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Mayor of Lisbon Carlos Moedas.JPGbanner.JPG
REUTERS/Pedro Nunes/File Photo
Mayor of Lisbon Carlos Moedas.JPG
REUTERS/Pedro Nunes/File Photo
World News

Portuguese criticise Lisbon mayor over pricey altar for Pope

by Reuters Journalist

Lisbon's mayor has been sharply criticised on Portuguese social media after it was revealed his office would spend over £4.4m (5 million euros) to build an altar for Pope Francis to celebrate a mass at this year's World Youth Day.

The Portuguese capital will host the international festival from from 1st-6th August bringing together the Pope and hundreds of thousands of young Catholics from all over the world.

Observador newspaper reported on Tuesday the mayor's office had hired the country's largest construction company, Mota-Engil, to build the altar for £3.7m (4.2 million euros). Details of the deal were published on an official database for public contracts.

Foundations needed for the altar's roof, to be built by Oliveiras S.A, will cost an extra  £880,440 (1 million euros), according to the contract.

"The specifications for the stage were defined in meetings we had with World Youth Day, the Church and the Holy See," said Lisbon's mayor Carlos Moedas, acknowledging it was a "very expensive" project.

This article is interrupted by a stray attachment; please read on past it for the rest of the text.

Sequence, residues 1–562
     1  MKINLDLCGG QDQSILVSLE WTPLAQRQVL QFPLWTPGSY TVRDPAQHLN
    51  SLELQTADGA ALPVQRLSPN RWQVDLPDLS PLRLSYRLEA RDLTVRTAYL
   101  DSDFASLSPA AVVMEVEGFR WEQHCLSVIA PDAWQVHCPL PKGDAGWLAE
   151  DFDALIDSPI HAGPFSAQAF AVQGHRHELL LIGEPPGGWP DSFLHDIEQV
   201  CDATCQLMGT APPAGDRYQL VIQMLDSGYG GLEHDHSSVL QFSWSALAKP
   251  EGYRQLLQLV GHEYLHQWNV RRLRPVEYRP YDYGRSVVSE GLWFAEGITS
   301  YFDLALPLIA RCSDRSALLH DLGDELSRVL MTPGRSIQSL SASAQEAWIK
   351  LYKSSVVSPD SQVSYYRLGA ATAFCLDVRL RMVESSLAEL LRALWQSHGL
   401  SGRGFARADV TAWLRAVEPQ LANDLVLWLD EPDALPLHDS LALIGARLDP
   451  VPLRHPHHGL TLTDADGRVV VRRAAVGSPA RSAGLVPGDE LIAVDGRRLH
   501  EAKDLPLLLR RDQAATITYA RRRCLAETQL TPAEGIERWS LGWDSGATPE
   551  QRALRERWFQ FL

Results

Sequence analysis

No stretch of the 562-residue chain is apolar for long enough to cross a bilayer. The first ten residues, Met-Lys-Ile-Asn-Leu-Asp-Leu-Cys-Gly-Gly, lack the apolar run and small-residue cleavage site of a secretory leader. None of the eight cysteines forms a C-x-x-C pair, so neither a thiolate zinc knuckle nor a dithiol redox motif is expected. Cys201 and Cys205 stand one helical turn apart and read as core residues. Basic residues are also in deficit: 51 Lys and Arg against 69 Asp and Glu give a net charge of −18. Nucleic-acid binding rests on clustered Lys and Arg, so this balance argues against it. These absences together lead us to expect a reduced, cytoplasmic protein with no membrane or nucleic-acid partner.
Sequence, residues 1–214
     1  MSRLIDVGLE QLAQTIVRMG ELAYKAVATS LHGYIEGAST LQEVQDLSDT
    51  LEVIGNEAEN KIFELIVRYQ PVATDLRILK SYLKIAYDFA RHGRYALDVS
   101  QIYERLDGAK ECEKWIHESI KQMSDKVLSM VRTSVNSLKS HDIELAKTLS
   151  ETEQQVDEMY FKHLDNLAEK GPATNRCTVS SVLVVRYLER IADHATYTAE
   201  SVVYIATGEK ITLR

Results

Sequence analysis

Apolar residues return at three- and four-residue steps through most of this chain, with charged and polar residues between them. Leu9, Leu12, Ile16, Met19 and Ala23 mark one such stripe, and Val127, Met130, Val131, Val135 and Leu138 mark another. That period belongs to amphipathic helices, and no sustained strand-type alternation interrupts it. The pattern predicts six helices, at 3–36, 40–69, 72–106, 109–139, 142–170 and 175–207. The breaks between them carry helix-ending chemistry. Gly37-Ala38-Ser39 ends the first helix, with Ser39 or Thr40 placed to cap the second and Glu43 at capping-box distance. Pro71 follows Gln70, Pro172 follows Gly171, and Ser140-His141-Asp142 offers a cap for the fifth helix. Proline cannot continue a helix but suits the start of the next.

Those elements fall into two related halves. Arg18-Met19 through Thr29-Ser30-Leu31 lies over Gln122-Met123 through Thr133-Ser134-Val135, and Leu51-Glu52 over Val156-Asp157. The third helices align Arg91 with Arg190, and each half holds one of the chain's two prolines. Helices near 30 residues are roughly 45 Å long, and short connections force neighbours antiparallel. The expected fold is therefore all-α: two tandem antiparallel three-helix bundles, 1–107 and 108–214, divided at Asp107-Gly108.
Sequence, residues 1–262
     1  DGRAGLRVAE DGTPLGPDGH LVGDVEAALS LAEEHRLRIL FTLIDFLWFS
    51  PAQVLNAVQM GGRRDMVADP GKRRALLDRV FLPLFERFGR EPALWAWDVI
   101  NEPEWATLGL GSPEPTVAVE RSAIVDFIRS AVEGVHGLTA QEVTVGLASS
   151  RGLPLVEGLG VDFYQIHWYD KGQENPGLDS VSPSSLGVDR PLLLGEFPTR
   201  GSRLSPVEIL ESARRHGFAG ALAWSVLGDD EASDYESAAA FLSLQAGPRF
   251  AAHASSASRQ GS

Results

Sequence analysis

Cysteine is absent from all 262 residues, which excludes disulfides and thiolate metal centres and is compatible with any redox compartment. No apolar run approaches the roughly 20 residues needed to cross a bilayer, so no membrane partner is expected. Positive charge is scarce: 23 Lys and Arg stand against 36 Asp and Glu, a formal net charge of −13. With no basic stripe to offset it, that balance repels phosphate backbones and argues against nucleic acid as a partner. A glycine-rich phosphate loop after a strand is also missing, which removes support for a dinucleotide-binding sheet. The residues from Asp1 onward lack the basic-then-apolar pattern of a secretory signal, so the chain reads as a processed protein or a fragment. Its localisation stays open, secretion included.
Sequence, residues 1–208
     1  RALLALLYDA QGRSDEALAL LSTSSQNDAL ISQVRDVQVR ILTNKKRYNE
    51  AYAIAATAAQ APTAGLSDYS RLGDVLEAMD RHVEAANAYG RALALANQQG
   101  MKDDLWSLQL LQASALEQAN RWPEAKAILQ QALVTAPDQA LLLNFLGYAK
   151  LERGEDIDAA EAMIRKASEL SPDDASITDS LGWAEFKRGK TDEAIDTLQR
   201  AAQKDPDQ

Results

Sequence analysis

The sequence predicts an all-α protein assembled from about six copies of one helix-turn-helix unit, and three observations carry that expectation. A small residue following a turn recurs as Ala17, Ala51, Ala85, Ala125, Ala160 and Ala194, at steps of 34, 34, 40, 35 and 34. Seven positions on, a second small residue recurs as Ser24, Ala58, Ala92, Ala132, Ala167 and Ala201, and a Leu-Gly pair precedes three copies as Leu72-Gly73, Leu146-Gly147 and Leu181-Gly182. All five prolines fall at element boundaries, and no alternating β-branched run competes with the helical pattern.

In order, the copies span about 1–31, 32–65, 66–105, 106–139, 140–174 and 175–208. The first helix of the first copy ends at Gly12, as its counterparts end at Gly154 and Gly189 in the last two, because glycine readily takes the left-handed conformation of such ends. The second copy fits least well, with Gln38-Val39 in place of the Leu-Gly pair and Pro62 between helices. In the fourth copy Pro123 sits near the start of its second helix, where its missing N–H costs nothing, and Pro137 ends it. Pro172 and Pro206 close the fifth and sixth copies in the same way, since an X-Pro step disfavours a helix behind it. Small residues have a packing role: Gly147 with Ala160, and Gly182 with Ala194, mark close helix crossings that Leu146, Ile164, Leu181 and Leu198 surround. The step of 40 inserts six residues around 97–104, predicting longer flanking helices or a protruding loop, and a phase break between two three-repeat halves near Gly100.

But, at a time of soaring inflation, thousands were quick to take to social media to point a finger at Moedas, a former EU commissioner, for spending such a large amount on an altar.

"If the housing crisis was an altar for World Youth Day, it would already be solved," Fabian Figueiredo, from the Left Bloc party, said on Twitter. "The problem is not lack of money but spending priorities."

Rent prices in Lisbon have jumped 53 per cent since 2017, according to the National Institute of Statistics, but salaries remain low, with recent data from the Labour Ministry showing more than 50 per cent of workers made less than £880 (1,000) euros per month last year.

"As a Catholic and a man of faith I am saddened by this display of unnecessary opulence at such a difficult time," wrote Twitter user Manuel Barbosa.

Portugal's President Marcelo Rebelo de Sousa, a Catholic himself, said the altar would be used for other events in the future.

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